Company leaders should consider building data lineage and data control frameworks into their platforms to help them rapidly identify and remediate data issues. Where organizations are using commercial tools for their data integration pipelines, they need to consider installing mechanisms that assist in maintaining data quality.
Incorporate data governance
It is useless to centralize data for analytics if the data is ingested into a data warehouse of poor quality; the data warehouse will be ineffective at one of its key purposes: decision support. Implementing robust data governance guidelines can help organizations avoid such a fate.
Various departments should collaborate to establish security, retention and collaboration policies for their data that are in line with legal and business requirements. Companies often end up fostering a culture of high data quality when they involve business users and data teams in data governance best practices.
Establish data auditing processes
Any processes and plans that businesses use to create and maintain data quality should be regularly measured for efficacy. Auditing data within data warehouses is a useful approach to building trust in data. Data auditing enables users to check for instances of subpar data quality such as incomplete data, data inaccuracies, poorly populated fields, duplicates, formatting inconsistencies and outdated entries.
Business leaders should also determine how frequently these audits should be conducted for optimal results. Having lengthy periods between audits means that ineffective processes and errors may proliferate for an extended period of time before they’re discovered. This also means that it may take much more time and effort to investigate and correct these errors and processes.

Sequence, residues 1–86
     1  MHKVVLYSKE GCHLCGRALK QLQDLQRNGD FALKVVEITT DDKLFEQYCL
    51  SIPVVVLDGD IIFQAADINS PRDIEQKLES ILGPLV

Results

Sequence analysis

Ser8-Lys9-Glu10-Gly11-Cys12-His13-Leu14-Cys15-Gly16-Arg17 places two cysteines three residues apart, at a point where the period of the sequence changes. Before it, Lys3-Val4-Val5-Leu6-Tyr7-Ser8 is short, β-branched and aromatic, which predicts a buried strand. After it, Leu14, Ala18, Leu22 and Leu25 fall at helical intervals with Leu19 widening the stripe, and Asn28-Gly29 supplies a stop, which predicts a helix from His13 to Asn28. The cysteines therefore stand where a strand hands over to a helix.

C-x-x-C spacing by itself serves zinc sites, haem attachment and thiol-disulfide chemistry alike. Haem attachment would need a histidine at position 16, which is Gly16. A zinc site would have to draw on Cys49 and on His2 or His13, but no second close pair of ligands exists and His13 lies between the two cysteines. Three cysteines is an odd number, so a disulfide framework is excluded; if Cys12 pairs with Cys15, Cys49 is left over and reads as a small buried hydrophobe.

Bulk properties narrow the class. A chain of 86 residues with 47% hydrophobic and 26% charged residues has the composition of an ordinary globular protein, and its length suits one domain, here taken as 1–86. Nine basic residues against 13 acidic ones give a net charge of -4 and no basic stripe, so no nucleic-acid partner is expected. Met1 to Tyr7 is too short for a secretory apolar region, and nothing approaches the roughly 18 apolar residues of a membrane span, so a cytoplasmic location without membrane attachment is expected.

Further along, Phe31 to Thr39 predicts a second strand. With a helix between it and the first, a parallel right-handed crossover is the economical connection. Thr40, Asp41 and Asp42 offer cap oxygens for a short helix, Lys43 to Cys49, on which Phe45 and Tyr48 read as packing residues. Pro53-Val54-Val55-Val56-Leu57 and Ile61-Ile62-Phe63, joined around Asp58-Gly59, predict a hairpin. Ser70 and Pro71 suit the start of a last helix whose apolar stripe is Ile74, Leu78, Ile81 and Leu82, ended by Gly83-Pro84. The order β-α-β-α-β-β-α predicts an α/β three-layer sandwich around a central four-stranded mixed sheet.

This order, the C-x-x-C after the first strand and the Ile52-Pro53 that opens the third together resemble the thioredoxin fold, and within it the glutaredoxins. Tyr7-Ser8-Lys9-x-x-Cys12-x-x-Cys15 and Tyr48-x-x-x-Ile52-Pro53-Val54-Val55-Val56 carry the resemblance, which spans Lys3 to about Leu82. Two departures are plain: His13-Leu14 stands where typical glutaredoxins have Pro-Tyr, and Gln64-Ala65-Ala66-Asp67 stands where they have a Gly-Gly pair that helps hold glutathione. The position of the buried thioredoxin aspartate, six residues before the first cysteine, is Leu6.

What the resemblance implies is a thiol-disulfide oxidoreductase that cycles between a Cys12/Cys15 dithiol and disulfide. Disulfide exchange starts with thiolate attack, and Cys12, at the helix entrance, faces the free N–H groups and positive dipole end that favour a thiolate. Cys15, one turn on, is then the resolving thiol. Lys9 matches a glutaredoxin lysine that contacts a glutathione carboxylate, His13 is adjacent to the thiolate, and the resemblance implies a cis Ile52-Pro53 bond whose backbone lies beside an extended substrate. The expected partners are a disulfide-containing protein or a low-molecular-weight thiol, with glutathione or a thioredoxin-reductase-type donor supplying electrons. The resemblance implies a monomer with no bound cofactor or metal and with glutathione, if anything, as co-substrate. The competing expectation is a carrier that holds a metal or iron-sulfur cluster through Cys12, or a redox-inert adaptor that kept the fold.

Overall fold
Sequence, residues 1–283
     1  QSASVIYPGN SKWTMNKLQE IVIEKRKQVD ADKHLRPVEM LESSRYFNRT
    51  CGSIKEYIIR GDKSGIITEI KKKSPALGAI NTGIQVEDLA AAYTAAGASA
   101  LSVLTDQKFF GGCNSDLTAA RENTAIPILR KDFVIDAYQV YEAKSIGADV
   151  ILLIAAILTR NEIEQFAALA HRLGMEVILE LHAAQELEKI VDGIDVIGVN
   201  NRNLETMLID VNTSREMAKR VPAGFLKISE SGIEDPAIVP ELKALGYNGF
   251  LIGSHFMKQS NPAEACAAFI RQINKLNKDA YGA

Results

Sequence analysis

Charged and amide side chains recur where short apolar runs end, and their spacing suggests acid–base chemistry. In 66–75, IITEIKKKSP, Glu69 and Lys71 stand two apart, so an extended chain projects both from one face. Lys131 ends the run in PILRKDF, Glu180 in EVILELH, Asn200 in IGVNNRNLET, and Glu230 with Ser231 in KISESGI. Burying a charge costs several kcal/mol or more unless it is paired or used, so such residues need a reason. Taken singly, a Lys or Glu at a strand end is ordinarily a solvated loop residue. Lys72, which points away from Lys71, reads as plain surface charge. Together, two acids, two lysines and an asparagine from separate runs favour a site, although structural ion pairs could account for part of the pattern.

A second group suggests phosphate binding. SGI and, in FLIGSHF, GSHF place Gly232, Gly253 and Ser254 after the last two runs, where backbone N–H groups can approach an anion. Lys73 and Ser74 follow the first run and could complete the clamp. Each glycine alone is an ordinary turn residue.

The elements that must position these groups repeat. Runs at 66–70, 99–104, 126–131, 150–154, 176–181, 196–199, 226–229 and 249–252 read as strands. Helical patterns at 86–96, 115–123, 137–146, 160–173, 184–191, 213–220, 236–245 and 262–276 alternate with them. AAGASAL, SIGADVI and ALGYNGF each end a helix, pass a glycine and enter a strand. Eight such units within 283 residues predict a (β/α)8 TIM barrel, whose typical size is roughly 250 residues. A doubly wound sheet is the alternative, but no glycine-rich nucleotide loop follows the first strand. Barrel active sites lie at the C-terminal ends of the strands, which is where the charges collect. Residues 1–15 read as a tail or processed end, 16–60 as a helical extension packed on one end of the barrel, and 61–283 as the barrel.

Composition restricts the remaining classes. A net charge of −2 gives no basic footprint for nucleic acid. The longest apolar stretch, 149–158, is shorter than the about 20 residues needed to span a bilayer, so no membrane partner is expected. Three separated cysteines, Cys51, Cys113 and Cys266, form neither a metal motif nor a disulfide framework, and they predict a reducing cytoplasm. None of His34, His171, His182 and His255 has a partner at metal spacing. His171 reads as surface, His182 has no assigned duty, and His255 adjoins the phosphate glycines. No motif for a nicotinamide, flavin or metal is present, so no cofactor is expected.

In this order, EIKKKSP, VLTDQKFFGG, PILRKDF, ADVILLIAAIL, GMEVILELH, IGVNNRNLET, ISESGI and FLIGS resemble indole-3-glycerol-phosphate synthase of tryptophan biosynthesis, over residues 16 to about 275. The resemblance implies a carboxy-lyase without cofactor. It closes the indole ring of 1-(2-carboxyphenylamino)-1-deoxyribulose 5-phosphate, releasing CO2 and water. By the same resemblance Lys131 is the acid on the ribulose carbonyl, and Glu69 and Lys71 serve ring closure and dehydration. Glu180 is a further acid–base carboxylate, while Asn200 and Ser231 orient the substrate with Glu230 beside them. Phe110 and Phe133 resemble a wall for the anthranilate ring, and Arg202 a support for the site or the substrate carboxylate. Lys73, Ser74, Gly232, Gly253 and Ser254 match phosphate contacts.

Audits should be continuous, automated and structured in a periodic or incremental fashion whenever possible. Some organizations opt to do a third-party audit so external professionals can determine any weak spots in the data warehouse.
Make data quality an enterprise-wide priority
Stakeholder buy-in is key to ensuring that high-quality data is available across an organization. When all stakeholders understand and take responsibility for data quality, they show commitment to upholding data quality. Every level of management needs to support data quality initiatives and cultures.
Take advantage of the cloud and cloud data warehouses
The continued growth of big data is leading many companies to forego more traditional on-premises data warehouses with their complexities and latency issues. Cloud data warehouses enable data quality tools to live closer to data sources and users, which can result in more effective data quality practices.
The cloud also simplifies the process of integrating data quality and data integrity tools into a data warehouse. Finally, cloud data warehouses make it easier to access data, as they efficiently ingest and prepare data from different sources in multiple formats.
Cloud data warehouses offer many data strategy advantages to companies, but they aren’t always the easiest infrastructures to set up. Selecting the right vendor will determine how quickly and effectively your cloud data warehouse gets up and running. To help with your data warehouse selection process, reference this cloud data warehouse guide and checklist.